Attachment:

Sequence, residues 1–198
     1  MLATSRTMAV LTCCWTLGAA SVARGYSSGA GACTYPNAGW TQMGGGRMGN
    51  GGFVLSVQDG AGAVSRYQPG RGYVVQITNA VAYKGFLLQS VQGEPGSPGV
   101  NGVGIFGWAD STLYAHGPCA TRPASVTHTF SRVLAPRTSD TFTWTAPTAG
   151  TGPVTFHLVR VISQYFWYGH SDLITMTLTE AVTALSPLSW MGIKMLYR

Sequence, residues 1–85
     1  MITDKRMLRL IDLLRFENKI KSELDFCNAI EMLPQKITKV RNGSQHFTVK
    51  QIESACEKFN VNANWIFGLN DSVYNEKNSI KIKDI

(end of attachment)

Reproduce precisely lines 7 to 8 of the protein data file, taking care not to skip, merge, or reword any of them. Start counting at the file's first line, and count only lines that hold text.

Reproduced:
     1  MITDKRMLRL IDLLRFENKI KSELDFCNAI EMLPQKITKV RNGSQHFTVK
    51  QIESACEKFN VNANWIFGLN DSVYNEKNSI KIKDI